Alex Morse will not run for a fifth term as Holyoke mayor after losing congressional bid against Richard Neal

Holyoke Mayor Alex Morse, who lost his congressional bid to unseat U.S. Rep. Richard Neal earlier this year, will not seek re-election to his city post after a decade in office.
Morse, currently in his fourth term as mayor, made the announcement Tuesday morning.
“When I was first elected, I expressed the desire to serve for ten years at most – enough time, I thought, to get some key goals across the finish line, and to secure a legacy we could be proud of,” Morse said in a statement released through his city office and his campaign email list. “So, with a municipal election year almost upon us, I feel it’s important to let you know that I will not be seeking re-election.”
Morse said he intends to use his remaining year in office to help navigate the ongoing coronavirus pandemic — Holyoke was one of 81 cities and towns in the state’s high-risk “red” zone for transmission last week — and “to leave the city in the strongest possible position for my successor.”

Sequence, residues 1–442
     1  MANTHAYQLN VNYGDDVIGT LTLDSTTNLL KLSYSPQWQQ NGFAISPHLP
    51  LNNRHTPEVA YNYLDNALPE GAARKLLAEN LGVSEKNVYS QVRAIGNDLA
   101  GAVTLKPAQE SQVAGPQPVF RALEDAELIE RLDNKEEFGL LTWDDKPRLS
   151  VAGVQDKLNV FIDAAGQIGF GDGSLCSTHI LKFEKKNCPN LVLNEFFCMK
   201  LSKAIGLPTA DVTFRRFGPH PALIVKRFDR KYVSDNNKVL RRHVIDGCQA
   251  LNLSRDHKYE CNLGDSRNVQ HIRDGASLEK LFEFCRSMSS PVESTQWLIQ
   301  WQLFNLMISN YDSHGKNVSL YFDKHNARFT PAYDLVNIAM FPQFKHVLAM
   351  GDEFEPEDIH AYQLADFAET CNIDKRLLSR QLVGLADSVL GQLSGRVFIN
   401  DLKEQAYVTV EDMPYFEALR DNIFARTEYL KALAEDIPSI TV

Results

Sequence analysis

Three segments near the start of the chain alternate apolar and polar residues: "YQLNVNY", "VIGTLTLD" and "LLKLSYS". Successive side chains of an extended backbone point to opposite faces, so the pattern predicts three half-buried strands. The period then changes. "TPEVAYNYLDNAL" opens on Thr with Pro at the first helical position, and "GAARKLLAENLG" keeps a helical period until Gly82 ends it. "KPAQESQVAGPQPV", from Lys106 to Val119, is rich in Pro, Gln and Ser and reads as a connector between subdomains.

Morse, now 31, became the youngest and first openly gay mayor in Holyoke’s history when he was elected at just 22 years old.
He gained widespread attention this past year as he waged a primary challenge against Neal, the powerful House Ways and Means chairman, drawing support from progressive and LGBTQ groups in Massachusetts and nationwide.
But his underdog bid took a knock in the weeks before the Sept. 1 state election when a group of college Democrat groups came forward with allegations of inappropriate behavior against him that prompted an investigation at UMass Amherst, where Morse was previously an adjunct instructor, and later of the state Democratic Party’s involvement in surfacing the claims.
Last month, an internal investigation found Massachusetts Democratic Party Chairman Gus Bickford violated party bylaws by advising students to send a letter to Morse detailing their allegations and “encouraging” students to talk to a reporter on the record about them “before the election,” according to the investigation by former state Sen. Cheryl Jacques. Bickford was subsequently re-elected to his post for another four years.
Morse previously said the internal investigation makes it “clear that the Massachusetts Democratic Party inappropriately interfered to harm my campaign for Congress and aid Congressman Neal’s re-election effort.” He lost the primary 59% to 41%.

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